The Copper Room is a “dine and dance” and, since it was after all our wedding anniversary, we danced together—for the first time in a long, long time. I forget the song—some old Sinatra tune—but I could see faces around the floor, smiling as they watched us dance, and then clapping as the song finished. My husband broke the rules and had a drink with me. He even ate dessert. When the lights were down, and through the warm glow of cocktails and red wine, his eyes were bright, I couldn’t see the new grey slowly fading his once lustrous chestnut hair. His face had color, and when he smiled his beautiful smile at me, in that moment, I could see only him…in that moment, the Monster had vanished.
We’ve been to Mexico before. Last time we were in Hualtuco, but his time we went to Manzanillo. The resort was gorgeous, and our room—or should I say “suite”—was enormous, with an ocean view beyond manicured grounds and tall, swaying palm trees. There was a huge soaker bath tub and a king sized bed and his and her sinks and closets. The food was fairly good for resort food, but I gotta say that I don’t ever expect a lot from resort food. It’s always middle of the road, not too spicy, with such an enormous variety that nothing is truly done to perfection. But the guacamole was the best I’ve ever had.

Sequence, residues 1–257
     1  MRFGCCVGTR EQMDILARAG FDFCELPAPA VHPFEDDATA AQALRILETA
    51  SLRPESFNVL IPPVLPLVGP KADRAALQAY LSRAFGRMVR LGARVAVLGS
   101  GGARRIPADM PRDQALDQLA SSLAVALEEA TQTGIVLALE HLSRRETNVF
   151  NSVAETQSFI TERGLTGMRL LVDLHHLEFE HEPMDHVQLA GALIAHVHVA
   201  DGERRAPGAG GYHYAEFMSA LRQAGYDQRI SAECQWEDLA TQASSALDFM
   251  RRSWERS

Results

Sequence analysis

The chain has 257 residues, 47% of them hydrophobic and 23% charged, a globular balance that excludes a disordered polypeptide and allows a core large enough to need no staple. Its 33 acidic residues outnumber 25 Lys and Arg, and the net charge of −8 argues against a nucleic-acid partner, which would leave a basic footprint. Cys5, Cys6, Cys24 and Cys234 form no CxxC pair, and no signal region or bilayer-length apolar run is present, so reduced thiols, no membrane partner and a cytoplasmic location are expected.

A word about iguanas… There were iguanas everywhere. Sitting around the pools, every so often something would dive, like a torpedo, into the water, shoot along and then, amid shrieks from the odd startled tourist, fly up on the other side. Or, the tranquil afternoon sun would be sliced in half by another sudden cry as a face emerged from the bushes around the wall, mere inches from where a patron lay sun bathing on one of the blue loungers. Waiters stepped over iguanas on the pathways, or shooed them out of the way. I learned to sidle carefully around them, and just mind my own business. They certainly were minding theirs. Only once did one eye me up and down and then shake its “skin” beard at me. I felt the urge to apologise to it, but rushed away, intimidated.
My husband and I survived a cab ride into the surrounding towns to sight-see and shop. We took a lot of great photos, came across a cool market stall where my husband haggled with the merchant over a beautiful clay Aztek style mask overlaid with turquoise and mother of pearl. They dickered and postured, hands were thrown in the air, and there was much insulted sounding huffs and puffs. They went between glaring and congeniality. My husband has spent a lot of time in Central and South America. There is an art to the haggle, and he’s pretty good at it. I always give in because I feel guilty. However, in my husband’s opinion, only the weak give in. I suppose that’s a good thing because, finally, an equitable price was reached, and now the Aztek mask is displayed in my living room. Later, we found a breezy seafood restaurant where we whiled away the evening as waves crashed on the beach just a few steps away from us. However, the next day he stayed in bed all day. I brought him offerings of fruit and cakes but he preferred to sleep. The Monster, though chained, still required payment for the active day before. It was a sullen reminder.